The Ajax wave has led to the emergence of several Ajax frameworks over the past year or so, each promising to make Ajax development simple and reliable. So while developers are just about coming to terms with the concept of Ajax, they now encounter the question of which Ajax framework to use.
Backbase is one of the leaders in the Ajax market, with specialized Ajax offerings for Java as well as .NET.
In this interview Mark Schiefelbein of Backbase talks about various Ajax application development issues like security and compatibility. He also tells us about the features of Backbase’s product as compared to
other Ajax frameworks.
IndicThreads >> Hi Mark! Good to have you on IndicThreads. Would you like to introduce yourself?
Mark Schiefelbein >> Thank you for the opportunity to do this interview. My name is Mark Schiefelbein, and I am the VP Product Development at Backbase. Backbase develops a comprehensive Ajax development framework geared towards Java developers. The focus of my role is development of the product roadmap and management of the development teams.
IndicThreads >> How do you define an Ajax framework? Why should one be using an Ajax framework for developing Enterprise Java applications?
Mark Schiefelbein >> An Ajax framework helps developers to quickly create highly interactive web-based user interfaces. Such a framework incorporates rich user interface components, interaction patterns, server connectivity and extensive tools for development and debugging. It is not just about making an asynchronous call from the client to the server, but everything a developer needs to build an Ajax interface for an Enterprise Java application.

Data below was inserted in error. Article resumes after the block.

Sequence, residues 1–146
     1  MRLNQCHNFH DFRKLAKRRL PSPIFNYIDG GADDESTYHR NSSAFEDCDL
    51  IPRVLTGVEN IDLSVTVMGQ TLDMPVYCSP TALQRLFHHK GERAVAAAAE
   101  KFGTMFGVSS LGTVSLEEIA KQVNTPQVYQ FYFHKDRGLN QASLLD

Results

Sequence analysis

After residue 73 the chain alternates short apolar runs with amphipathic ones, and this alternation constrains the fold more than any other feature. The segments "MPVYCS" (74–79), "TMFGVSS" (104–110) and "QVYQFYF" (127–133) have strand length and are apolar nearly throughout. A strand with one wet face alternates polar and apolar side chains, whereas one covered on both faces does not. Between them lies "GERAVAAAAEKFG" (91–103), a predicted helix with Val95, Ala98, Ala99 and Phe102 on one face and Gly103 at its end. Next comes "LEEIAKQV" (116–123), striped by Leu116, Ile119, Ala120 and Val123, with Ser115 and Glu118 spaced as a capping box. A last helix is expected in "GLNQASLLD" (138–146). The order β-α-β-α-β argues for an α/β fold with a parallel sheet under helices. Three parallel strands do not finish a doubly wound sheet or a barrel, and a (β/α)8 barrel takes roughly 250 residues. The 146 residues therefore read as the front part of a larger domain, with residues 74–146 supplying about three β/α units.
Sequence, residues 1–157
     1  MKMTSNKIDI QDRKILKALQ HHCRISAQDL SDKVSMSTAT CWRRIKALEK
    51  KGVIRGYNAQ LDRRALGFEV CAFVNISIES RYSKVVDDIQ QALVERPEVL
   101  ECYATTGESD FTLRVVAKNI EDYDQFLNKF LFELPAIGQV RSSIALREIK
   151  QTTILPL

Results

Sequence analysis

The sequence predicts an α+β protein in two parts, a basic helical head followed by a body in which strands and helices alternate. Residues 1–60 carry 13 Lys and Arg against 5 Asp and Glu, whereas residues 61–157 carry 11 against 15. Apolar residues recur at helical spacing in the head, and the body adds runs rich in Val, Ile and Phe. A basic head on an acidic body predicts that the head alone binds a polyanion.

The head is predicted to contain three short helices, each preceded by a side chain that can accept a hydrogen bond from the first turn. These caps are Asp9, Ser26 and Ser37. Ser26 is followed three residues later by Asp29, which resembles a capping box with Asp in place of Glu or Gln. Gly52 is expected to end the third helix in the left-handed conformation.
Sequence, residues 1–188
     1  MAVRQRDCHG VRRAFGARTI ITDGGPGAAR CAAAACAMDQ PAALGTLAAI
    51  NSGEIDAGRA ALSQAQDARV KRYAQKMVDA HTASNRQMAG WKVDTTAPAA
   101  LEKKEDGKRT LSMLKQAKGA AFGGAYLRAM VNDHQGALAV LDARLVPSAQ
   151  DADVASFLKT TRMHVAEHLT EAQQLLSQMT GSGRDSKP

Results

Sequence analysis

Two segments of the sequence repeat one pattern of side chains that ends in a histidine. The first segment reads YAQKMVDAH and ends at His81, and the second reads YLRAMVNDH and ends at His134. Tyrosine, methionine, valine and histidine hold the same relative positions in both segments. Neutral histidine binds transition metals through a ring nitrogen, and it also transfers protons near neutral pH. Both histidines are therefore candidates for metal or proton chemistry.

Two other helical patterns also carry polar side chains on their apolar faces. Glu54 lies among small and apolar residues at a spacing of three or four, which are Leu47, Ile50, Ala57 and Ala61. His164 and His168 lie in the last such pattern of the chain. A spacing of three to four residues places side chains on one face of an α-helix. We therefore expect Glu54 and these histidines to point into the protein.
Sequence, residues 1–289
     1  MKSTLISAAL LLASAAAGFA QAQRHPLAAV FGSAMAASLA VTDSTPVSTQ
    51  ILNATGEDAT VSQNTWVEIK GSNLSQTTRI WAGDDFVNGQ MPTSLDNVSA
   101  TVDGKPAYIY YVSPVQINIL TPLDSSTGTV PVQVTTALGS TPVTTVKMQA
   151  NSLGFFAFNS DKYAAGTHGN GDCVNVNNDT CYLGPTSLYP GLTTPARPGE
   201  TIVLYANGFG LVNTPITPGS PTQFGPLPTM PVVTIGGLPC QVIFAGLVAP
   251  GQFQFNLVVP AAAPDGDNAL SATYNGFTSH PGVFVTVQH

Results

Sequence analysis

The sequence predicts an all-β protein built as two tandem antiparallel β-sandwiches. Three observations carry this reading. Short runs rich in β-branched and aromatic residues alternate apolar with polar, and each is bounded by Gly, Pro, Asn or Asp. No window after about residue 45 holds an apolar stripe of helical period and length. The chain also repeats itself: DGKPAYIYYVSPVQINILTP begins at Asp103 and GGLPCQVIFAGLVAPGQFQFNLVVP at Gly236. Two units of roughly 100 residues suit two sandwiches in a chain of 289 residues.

“It is not just about making an asynchronous call from the client to the server…”
IndicThreads >> The Java edition of Backbase is some 75MBs. That’s bigger than many application servers. If I add Backbase to a Java enterprise application, what are the things I need to do? Do I just place your JAR files into my WEB-INF/lib and get going?
“The Backbase Java Edition consists of a client-side and a server-side module…”
To provide some clarification on the download size: both the server- and the client-side modules are under 1 Mb each, but as a commercial vendor we are focused on shipping an awful lot of documentation and examples, which comes in at about 60 Mb. Some redistributed libraries and development tools make up for the rest.
IndicThreads >> Could you explain what the architecture would be like for a normal Java Enterprise application that is using the Backbase Java Edition?
Mark Schiefelbein >> The Backbase Java Edition is based on JavaServer Faces (JSF) and works well with any server-side architecture as long as JSF handles the view.